Figure 18: A DICFG for lockAccount. Source: Gregory M. Kapfhammer and Mary Lou Soffa. A Family of Test Adequacy Criteria for Database-Driven Applications. In Proceedings of the 9th European Software Engineering Conference and the 11th ACM SIGSOFT Symposium on the Foundations of Software Engineering. ACM Press. Permission granted. use the provided GUI events and operations to automatically produce tests that cause the GUI to progress from a specified initial GUI state to a desired goal state. In an attempt to formally describe test adequacy criteria for GUI applications, Memon et al. propose the event-flow graph as an appropriate representation for the possible interactions that can occur within a graphical user interface component [Memon et al., 2001b]. Furthermore, the integration tree shows the interactions between all of the GUI components that comprise a complete graphical interface. Using this representation, Memon et al. define intra-component and inter-component test adequacy criteria based upon GUI event sequences. The simplest intra-component test adequacy criterion, eventinteraction coverage, requires a test suite to ensure that after a certain GUI event e has been performed, all events that directly interact with e are also performed [Memon et al., 2001b]. The length-n event sequence test adequacy criterion extends the simple event-interaction coverage by requiring a context of n events to occur before GUI event e actually occurs. Similarly, Memon et al. propose inter-component test adequacy criteria that generalize the intra-component criteria and must be calculated by using the GUI’s integration tree [Memon et al., 2001b]

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4 Conclusion
Testing is an important technique for the improvement and measurement of a software system’s quality. Any approach to testing software faces essential and accidental difficulties. Indeed, as noted by Edsger Dijkstra the construction of the needed test programs is a “major intellectual effort” [Dijkstra, 1968]. While software testing is not a “silver bullet” that can guarantee the production of high quality applications, theoretical and empirical investigations have shown that the rigorous, consistent, and intelligent application of testing techniques can improve software quality. Software testing normally involves the stages of test case specification, test case generation, test execution, test adequacy evaluation, and regression testing. Each of these stages in our model of the software testing process plays an important role in the production of programs that meet their intended specification. The body of theoretical and practical knowledge about software testing continues to grow as research expands the applicability of existing techniques and proposes new testing techniques for an ever-widening range of programming languages and application domains.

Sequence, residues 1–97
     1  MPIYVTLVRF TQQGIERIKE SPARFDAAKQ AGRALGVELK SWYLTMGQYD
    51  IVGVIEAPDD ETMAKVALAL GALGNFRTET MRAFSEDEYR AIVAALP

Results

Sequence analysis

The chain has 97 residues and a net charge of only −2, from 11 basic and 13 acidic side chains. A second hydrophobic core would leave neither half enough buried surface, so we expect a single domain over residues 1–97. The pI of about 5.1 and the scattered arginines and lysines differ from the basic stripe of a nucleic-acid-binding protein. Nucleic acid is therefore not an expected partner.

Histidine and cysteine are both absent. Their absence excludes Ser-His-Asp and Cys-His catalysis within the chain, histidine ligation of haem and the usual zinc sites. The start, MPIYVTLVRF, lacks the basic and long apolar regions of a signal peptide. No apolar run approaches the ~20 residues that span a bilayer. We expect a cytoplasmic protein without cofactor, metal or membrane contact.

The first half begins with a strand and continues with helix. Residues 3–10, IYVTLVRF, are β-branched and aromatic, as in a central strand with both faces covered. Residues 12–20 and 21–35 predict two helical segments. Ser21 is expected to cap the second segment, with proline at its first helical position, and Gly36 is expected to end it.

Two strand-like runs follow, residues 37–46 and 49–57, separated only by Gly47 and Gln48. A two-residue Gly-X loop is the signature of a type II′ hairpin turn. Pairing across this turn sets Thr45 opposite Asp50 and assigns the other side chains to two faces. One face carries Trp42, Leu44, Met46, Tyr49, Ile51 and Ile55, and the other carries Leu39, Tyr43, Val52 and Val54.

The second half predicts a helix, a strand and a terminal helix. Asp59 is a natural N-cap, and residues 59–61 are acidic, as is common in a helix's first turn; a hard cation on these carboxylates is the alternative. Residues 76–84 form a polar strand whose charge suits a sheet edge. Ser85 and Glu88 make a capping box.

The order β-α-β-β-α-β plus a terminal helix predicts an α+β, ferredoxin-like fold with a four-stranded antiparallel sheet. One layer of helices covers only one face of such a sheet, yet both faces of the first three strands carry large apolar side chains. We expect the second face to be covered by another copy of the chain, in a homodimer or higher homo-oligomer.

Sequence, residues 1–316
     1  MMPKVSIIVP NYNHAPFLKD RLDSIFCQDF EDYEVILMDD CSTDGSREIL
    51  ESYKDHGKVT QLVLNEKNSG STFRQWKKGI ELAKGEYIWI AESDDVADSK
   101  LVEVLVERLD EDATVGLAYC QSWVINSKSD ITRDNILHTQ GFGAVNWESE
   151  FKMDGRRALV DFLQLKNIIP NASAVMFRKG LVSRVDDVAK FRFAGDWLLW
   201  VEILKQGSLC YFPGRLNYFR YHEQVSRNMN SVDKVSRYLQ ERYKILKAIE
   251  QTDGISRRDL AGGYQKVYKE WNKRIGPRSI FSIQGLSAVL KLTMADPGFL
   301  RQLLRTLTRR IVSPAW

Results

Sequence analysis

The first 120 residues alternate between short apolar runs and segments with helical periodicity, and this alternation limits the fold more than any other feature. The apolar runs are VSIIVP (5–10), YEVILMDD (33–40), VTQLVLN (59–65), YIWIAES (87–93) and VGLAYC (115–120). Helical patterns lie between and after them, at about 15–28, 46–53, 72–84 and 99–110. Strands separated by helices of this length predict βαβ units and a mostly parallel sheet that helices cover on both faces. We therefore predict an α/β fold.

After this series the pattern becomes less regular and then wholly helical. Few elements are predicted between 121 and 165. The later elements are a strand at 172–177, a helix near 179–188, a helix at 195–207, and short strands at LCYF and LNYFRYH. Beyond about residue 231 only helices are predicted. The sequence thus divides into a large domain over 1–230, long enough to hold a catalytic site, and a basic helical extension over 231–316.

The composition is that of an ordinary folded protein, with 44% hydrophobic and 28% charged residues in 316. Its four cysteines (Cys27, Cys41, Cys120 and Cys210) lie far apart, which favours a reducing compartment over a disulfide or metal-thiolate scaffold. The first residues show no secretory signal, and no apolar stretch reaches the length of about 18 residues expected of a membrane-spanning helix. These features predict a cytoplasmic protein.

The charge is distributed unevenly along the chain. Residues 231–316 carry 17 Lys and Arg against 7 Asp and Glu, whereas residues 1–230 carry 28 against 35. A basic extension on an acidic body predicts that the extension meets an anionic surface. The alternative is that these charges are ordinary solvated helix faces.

5 Defining Terms
Software Verification: The process of ensuring that a program meets its intended specification. Software Testing: The process of assessing the functionality and correctness of a program through execution or analysis. Failure: The external, incorrect behavior of a program. Fault: A collection of program source statements that cause a program failure. Error: A mistake made by a programmer during the implementation of a software system. Test Case Specification: The process of analyzing the program under test, in light of a chosen test adequacy criterion, in order to produce a list of tests that must be provided in order to create a completely adequate test suite. Test Case Generation: The manual or automatic process of creating test cases for the program under test. Automatic test case generation can be viewed as an attempt to satisfy the constraints imposed by the selected test adequacy criteria. Test Adequacy Evaluation: The measurement of the quality of an existing test suite for a specific test adequacy criterion and a selected program under test. Regression Testing: An important software maintenance activity that attempts to ensure that the addition of new functionality and/or the removal of program faults does not negatively impact the correctness of the program under test. PIE Model: A model proposed by Voas which states that a fault will only manifest itself in a failure when it is executed, it infects the program data state, and finally propagates to the output. Coincidental Correctness: A situation when a fault in a program does not manifest itself in a failure even though the fault has been executed and it has infected the data state of the program. Interprocedural Control Flow Graph: A graph-based representation of the static control flow for an entire program. In object-oriented programming languages, the interprocedural control flow graph is simply a collection of the intraprocedural control flow graphs for each of the methods within the program under test. Subsumption: A relationship between two test adequacy criterion. Informally, if test adequacy criterion Cα subsumes Cβ , then Cα is considered to be “stronger” than Cβ .